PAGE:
2.8. Ethical Considerations

This research was conducted with the approval of the Osaka Medical College Research Ethics Committee. We provided a description of the research in writing (as well as verbally for the intervention group). This description explained the intentions, goals, and methods of the research, that it was voluntary, that participants could withdraw at any time, the protection of private information, and the handling of collected data. Participants were able to participate after agreeing to the terms.

3. Results

3.1. Subject Attributes (Figure 2, Table 2, Table 3)

We received responses from 145 respondents in the control group and 148 in the intervention group, for a total of 293 subjects. Our analysis excluded subjects who did not meet the requirements for this research. Valid responses were as follows (seen in Figure 2): Initial Survey: intervention group 142 (95.9%), control group 145 (100%); Six-Month Survey: intervention group 37 (26.1%), control group 30 (20.7%); One-Year Survey: intervention group 33 (23.2%), control group 27 (18.6%). The characteristics of the subjects are shown in Table 2. The average age of the subjects was 24.4 ± 2.96 years for the intervention group and 23.4 ± 2.24 years for the control group. No significant difference in background was observed in either group. No significant difference was seen between groups in regard to interest in cervical cancer screenings; Contemplation was the most populated stage, followed by Action, Precontemplation, and Preparation.

3.2. Program Evaluation Regarding Initial, Six-Month, and One-Year Surveys (Table 4, Table 5)

1) Intra-group comparison of HBMSCCPST subscales and knowledge scores

The intervention group showed a significant difference in the Benefit subscale

Table 2. Subject characteristics.

Mann-Whitney U test.

Figure 2. Flow diagram.

Table 3. Participant interest in screening.

Mann-Whitney U test.

Table 4. Comparison of knowledge and HBMSCCPST scores in the initial 6-month and 1-year survey.

Two-way ANOVA. **p < 0.01; *p < 0.05.

of the HBMSCCPST in the six-month survey (p = 0.017). Scores in the Healthy Lifestyles knowledge category were significantly higher than the initial survey (p =

Table 5. Inter-group comparison of changes in knowledge and HBMSCCPST scores between initial and 1-year surveys.

Mann-Whitney U test. *p < 0.05.

0.003) or the one-year survey (p = 0.001). In the Cervical Cancer category scores were significantly higher after one year than in the initial survey (p = 0.000) or after six months (p = 0.000). In the Cervical Cancer Screening category scores had increased significantly after one year compared to the initial survey (p = 0.001).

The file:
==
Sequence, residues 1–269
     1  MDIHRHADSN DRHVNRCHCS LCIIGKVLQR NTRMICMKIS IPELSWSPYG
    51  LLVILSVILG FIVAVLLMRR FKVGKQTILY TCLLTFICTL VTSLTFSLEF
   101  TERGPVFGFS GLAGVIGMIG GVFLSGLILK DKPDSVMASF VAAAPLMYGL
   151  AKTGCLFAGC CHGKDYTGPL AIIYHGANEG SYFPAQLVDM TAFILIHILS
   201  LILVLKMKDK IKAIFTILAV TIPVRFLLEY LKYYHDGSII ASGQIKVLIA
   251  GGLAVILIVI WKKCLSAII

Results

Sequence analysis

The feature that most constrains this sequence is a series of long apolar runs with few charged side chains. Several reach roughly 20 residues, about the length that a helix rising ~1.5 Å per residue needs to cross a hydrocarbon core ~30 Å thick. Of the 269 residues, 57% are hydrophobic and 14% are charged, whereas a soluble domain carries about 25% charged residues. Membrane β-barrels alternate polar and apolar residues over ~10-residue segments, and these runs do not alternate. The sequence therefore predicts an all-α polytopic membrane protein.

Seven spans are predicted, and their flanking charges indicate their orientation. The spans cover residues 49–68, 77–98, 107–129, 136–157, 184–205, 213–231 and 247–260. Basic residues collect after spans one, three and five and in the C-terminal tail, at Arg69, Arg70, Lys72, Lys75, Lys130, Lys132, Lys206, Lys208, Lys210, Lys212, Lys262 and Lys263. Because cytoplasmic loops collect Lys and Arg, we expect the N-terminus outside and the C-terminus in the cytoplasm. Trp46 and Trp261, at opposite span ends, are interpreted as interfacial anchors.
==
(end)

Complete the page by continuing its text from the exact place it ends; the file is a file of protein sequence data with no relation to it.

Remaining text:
The control group showed no significant differences in the HBMSCCPST subscales. In the Healthy Lifestyles knowledge category scores were significantly higher after six months than in the initial survey (p = 0.005) or after one year (p = 0.004). In the Cervical Cancer category scores were significantly higher after one year than in the initial survey (p = 0.000) or after six months (p = 0.043).

2) Inter-group comparison of HBMSCCPST subscales and knowledge scores

After comparing the one-year surveys of both groups, significant differences were shown in the Healthy Lifestyles (p = 0.000) and Cervical Cancer Screening (p = 0.000) categories. We observed significant differences in score changes between the initial survey and one-year survey in the Cervical Cancer (p = 0.027) and Cervical Cancer Screening (p = 0.016) categories. A small effect size was observed on Healthy Lifestyles (γ = −0.14) and Seriousness (γ = −0.10).

Changes in HBMSCCPST subscales and knowledge scores were examined via two-way analysis of variance of condition (intervention/control group) and time of measurement (initial survey, six months, one year). A significant main effect and interaction were observed in the intervention group in the Cervical Cancer category [F(2, 57) = 7.95, p = 0.00, η2 = 0.22] with a large effect size. A main effect and medium effect size was observed in the knowledge categories Healthy Lifestyles [F = 1.669, p = 0.17, η2 = 0.06] and Cervical Cancer Screening [F(2, 57) = 18.012, p = 0.00, η2 = 0.09]. On the other hand, no interaction was observed in the HBMSCCPST subscales. However, a medium effect size was seen in the Benefits subscale [η2 = 0.06], and small effect sizes in the Seriousness [η2 = 0.01] and Susceptibility [η2 = 0.02] subscales. No effect size was shown in the Barriers subscale.